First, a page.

It’s obvious to everyone. We had two separate musicologists’ reports saying it was. Our publisher sent their publisher a letter saying it was and they went ‘Boo, never heard of ya!’, but the hysterical thing about Nirvana saying they’d never heard of us was that they’d already sent us a Christmas card!”

Geordie Walker

There were rumours that Killing Joke filed a copyright infringement lawsuit, although it never materialised. Rolling Stone magazine claimed this was due to “personal and financial reasons”. Reports were conflicting. Either a lawsuit was never filed, it was thrown out of court or dropped following Cobain’s death in 1994. At any rate, any animosity between the two bands appears to have resolved.

In 2003, Nirvana’s drummer Dave Grohl took a leave of absence from the Foo Fighters to play drums for Killing Joke’s second self-titled album. Furthermore, the Foo Fighters previously recorded a cover of another Killing Joke song, “Requiem”, as a B-side to their 1997 single “Everlong”.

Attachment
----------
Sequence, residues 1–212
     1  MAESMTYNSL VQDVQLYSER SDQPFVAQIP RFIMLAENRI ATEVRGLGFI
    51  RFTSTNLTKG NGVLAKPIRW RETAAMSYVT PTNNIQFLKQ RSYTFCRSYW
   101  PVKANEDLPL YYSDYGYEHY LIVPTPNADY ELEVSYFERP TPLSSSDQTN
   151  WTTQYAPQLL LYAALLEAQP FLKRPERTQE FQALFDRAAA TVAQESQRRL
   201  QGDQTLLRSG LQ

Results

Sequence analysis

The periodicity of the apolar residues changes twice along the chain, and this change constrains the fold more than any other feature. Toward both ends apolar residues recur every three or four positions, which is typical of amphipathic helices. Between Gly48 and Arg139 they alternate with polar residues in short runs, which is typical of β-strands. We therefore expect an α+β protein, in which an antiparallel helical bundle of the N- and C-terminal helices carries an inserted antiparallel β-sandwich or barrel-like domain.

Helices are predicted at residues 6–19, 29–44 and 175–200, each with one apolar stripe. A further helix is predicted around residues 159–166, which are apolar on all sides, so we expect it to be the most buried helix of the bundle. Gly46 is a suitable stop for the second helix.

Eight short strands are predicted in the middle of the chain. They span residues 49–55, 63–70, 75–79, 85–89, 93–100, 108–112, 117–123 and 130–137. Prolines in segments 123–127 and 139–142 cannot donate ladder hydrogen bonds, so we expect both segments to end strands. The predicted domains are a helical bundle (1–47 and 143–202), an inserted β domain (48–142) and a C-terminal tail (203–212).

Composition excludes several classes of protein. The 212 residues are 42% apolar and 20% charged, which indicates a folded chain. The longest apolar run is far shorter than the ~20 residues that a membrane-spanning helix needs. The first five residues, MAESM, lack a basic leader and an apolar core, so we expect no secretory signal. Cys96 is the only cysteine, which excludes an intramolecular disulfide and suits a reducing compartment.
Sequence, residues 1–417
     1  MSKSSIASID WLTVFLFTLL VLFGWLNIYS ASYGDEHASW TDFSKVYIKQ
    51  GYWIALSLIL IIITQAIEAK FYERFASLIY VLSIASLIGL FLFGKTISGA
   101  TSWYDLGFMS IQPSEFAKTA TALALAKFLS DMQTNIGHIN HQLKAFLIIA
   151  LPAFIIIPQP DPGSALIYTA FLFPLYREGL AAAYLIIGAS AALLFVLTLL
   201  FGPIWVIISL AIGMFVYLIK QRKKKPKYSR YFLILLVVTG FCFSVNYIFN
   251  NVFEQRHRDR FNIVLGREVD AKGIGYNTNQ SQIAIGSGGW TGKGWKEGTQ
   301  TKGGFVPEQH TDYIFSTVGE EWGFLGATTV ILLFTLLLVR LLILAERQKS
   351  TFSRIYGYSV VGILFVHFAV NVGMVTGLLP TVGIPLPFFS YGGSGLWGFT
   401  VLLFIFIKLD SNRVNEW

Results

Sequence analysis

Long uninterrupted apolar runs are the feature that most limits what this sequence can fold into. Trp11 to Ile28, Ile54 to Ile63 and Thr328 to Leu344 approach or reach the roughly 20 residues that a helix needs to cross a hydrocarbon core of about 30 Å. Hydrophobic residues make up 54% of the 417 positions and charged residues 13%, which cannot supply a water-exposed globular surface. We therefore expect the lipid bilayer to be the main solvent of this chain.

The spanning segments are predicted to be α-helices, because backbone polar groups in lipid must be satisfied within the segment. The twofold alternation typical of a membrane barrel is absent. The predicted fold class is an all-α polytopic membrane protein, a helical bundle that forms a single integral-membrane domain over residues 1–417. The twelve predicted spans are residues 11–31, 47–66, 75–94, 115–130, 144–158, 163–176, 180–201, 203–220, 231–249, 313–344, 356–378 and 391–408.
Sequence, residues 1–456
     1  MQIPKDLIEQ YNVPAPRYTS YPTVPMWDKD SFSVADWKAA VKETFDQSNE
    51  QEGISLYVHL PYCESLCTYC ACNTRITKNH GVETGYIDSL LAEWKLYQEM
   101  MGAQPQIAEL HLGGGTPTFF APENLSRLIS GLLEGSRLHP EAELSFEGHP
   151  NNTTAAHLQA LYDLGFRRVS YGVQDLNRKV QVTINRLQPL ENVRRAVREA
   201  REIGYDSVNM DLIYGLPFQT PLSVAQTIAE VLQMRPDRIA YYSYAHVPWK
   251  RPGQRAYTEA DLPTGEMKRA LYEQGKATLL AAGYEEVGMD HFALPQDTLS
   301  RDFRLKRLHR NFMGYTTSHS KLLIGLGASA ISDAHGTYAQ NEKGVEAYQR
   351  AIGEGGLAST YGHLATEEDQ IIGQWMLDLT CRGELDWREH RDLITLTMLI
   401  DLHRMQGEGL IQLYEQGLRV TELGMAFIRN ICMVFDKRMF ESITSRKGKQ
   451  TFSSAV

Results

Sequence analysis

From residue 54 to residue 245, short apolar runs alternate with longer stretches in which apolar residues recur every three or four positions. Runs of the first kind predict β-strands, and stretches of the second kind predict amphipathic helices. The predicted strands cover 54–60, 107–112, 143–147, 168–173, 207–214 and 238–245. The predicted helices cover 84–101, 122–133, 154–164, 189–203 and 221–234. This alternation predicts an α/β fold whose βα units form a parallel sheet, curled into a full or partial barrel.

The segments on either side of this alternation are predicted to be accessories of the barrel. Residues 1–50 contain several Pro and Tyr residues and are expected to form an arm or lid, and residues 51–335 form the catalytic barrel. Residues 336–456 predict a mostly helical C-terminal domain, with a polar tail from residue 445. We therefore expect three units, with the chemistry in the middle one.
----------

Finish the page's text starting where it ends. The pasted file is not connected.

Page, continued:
Conclusion

So what, if anything, is the “Come As You Are” original? I think it’s very difficult to work out the exact origin of a famous guitar riff as bands can write the same riff without realising.

Both ‘Eighties’ and ‘Come As You Are’ use this riff, but I consider it as kind of generic. It comes easy when you mess around with a guitar.”

Peter Zen, commenter on Discogs

To me, the “Come As You Are” riff sounds almost identical to the one from “Eighties”, only slowed down. While Cobain and the rest of Nirvana were clearly aware of the similarities between the two songs, I think Peter Zen is closer to the truth. Ideas, like songs and stories, float around in the collective consciousness and may end up being created by several people around the same time. And also, you can be unconsciously influenced by something you heard or read in your past that comes out in your new creation.

I’m going to conclude by saying that while “Eighties” is a cracking-good tune. However, “Come As You Are” is the “Come As You Are” original.

In a final but lovely touch, Cobain’s home town Aberdeen, Washington, put up a sign. It reads “Welcome to Aberdeen: Come As You Are”.

Check out more 90s tunes and their unknown originals here.

References
4 Songs That Use The Same Riff As Nirvana’s “Come As You Are”
Discogs - Garden of Delight
Eine Keine Angst Musik
Nirvana: the Story Behind Come As You Are
Wikipedia - Chris Kimsey
Wikipedia - Come As You Are
Wikipedia - Eighties